In this example, we have a string that contains both lower and upper case. SQL Lower function ignores the lower characters and converts all uppercase characters into lowercase.
SELECT Lower('Learn SQL server with sqlshack');
Example 4: Use a Lower function with all uppercase characters
Suppose we have a string with all uppercase letters, and we require converting them into lowercase. SQL Lower function does it for us.
SELECT Lower('LEARN SQL SERVER WITH SQLSHACK');
Example 5: Use a LOWER function with Select statement
In the following example, we use SQL Lower function to convert the [firstname] column values in lowercase.
lower(Country) as COUNTRY
Example 6: Use SQL LOWER function with an update statement
We can use this function in an update statement as well. The following query, update an employee table record with lowercase of the Lastname column.
Update [dbo].[Employee] set [lastname]=Lower('RAJ')
Example 7: Use the LOWER function in a variable
We can use a lower function with a variable similar to an upper function. Let’s use the same query with lower function.
DECLARE @text VARCHAR(30);
SET @text = 'This is a sample text';
LOWER(@text) AS Lowercase;
Convert the first letter of each word in Uppercase
Usually, we do not want all letters in a string converted into all lower or small case letters. Suppose we want the first letter of each word in a text to be in uppercase and rest all characters should be in lower case.
For example, suppose we have the following string, and it has all letters in uppercase.
FRUITS: – APPLE MANGO ORANGE BANANA
We want to covert this text in the following format.
Fruits: – Apple Mango Orange Banana
We do not have SQL function to do this task for us. You need to write a custom function for this. Execute the following script to create a function.
CREATE OR ALTER FUNCTION [dbo].[ConvertFirstLetterinCapital](@Text VARCHAR(5000)) RETURNS VARCHAR(5000) AS BEGIN
DECLARE @Index INT;
DECLARE @FirstChar CHAR(1);
DECLARE @LastChar CHAR(1);
DECLARE @String VARCHAR(5000);
SET @String = LOWER(@Text);
SET @Index = 1;
WHILE @Index <= LEN(@Text)
SET @FirstChar = SUBSTRING(@Text, @Index, 1);
SET @LastChar = CASE
WHEN @Index = 1
THEN ' '
ELSE SUBSTRING(@Text, @Index - 1, 1)
IF @LastChar IN(' ', ';', ':', '!', '?', ',', '.', '_', '-', '/', '&', '''', '(', '#', '*', '$', '@')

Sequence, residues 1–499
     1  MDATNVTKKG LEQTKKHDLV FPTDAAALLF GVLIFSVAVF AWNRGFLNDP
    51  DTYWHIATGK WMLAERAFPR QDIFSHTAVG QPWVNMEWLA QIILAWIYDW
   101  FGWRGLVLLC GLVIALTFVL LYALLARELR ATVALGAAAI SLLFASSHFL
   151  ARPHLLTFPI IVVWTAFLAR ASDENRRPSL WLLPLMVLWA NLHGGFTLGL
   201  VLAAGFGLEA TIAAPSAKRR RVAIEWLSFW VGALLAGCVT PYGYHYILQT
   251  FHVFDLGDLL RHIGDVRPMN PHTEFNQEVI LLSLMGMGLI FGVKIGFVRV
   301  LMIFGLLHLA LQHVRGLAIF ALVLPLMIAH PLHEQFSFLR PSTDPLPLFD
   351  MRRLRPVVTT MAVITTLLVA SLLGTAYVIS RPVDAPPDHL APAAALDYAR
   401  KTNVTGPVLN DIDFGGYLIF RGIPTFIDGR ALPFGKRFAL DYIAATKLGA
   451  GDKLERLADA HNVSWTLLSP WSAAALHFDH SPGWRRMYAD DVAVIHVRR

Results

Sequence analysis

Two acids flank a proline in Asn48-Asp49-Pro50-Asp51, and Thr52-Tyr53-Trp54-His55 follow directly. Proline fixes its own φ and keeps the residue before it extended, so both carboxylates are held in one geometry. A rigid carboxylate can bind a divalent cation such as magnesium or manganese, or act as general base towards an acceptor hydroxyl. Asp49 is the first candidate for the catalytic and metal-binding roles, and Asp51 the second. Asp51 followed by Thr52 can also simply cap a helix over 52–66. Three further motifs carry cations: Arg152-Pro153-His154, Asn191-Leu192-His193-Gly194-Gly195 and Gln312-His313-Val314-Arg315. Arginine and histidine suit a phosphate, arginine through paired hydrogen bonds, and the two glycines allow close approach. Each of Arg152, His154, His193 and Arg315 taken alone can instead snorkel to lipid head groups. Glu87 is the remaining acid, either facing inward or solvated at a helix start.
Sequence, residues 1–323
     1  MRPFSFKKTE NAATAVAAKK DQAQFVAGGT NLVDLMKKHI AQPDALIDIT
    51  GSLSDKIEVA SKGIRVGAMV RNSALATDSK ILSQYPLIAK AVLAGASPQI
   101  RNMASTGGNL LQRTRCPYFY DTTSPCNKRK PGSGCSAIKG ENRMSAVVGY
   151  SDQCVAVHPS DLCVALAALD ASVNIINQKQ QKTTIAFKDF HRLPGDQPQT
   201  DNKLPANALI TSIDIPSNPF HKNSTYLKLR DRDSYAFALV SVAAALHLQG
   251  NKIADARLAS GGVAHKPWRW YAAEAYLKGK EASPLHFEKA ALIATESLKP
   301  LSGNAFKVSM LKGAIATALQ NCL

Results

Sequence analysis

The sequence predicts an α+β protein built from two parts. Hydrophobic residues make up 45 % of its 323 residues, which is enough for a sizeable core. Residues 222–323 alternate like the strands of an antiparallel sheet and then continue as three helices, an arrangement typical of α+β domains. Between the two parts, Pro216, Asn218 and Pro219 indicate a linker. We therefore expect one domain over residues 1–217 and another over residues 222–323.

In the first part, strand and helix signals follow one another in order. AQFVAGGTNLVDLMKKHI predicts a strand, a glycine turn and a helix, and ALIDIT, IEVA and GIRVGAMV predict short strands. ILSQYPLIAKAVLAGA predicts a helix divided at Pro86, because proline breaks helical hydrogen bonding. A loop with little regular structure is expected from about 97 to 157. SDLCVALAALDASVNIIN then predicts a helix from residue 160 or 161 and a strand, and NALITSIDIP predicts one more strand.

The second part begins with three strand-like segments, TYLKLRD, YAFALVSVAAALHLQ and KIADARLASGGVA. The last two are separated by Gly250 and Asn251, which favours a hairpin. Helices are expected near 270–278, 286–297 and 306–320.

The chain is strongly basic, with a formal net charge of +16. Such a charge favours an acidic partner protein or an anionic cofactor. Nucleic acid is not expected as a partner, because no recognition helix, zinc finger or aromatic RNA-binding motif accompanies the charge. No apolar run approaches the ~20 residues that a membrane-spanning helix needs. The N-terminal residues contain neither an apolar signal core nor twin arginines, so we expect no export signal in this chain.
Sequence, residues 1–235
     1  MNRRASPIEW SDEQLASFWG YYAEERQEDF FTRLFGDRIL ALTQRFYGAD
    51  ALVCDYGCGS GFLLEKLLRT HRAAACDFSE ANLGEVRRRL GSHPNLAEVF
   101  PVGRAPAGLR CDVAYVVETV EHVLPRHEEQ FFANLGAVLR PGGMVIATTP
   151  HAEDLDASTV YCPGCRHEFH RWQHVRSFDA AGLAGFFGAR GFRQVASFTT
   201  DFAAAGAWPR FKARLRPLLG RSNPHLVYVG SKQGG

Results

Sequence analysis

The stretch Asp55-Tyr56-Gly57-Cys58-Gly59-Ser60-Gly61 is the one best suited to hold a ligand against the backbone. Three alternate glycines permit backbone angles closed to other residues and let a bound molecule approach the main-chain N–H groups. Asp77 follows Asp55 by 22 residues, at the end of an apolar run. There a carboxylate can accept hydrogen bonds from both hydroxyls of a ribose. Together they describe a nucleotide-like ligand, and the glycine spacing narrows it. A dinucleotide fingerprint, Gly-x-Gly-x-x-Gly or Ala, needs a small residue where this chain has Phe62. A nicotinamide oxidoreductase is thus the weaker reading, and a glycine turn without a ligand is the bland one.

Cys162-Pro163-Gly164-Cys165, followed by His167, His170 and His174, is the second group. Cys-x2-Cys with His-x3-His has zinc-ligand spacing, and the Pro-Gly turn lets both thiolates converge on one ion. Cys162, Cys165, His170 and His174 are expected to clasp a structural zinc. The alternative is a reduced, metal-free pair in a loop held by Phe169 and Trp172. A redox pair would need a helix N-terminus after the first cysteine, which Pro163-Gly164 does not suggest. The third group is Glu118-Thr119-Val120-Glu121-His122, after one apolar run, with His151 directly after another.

IF @FirstChar != ''''
OR UPPER(@FirstChar) != 'S'
SET @String = STUFF(@String, @Index, 1, UPPER(@FirstChar));
SET @Index = @Index + 1;
You can provide text in the function as an input value, and you get the required output format.
Select [dbo].[ConvertFirstLetterinCapital] ('FRUITS :- APPLE MANGO ORANGE BANANA')
In the following screenshot, we can see it coverts the upper case of each word’s first letter.
Let’s understand this function and see how it works.
- We define the text in a variable @text and define a few other variables @Index, @FirstChar, @LastChar and @String
- @String function converts all text into lowercase using SQL Lower function
- @String= fruits:- apple mango orange banana
- It sets the value for the @Index variable as 1
- LEN function calculates the length of the string using LEN(@text). It returns value 35 for the current string
The function starts a while loop. It starts at value 1 and goes up to 35 to perform the following task
- It gets the first character in the variable @FirstChar using the substring function
- If the @Index value is 1, then it sets the value for @LastChar as @
- It moves to next If block and finds the value of @LastChar as @ so it replaces the first character as upper case
- If the value of the @Index parameter is greater than 1, @FirstChar parameter gets the particular character from the text
- The @Lastchar gets the character one step behind and does not perform any conversion to uppercase. It increments the value of the @Index parameter and moves next in the while loop
Let’s use a few more examples with this function and observe the output.
Select [dbo].[ConvertFirstLetterinCapital] ('fruits :- apple mango orange banana')
Select [dbo].[ConvertFirstLetterinCapital] ('fruits :- @apple mango$ orange banana')
Select [dbo].[ConvertFirstLetterinCapital] ('FRUITS :- $%&*ABC mango2 orange banana')
In this article, we explored the SQL UPPER function and SQL LOWER function to convert the characters in uppercase and lowercase respectively. We also create a custom function to convert first letter of each word in the text to capital letter.
While working as a Senior consultant DBA for big customers and having certified with MCSA SQL 2012, he likes to share knowledge on various blogs.
He can be reached at firstname.lastname@example.org
View all posts by Rajendra Gupta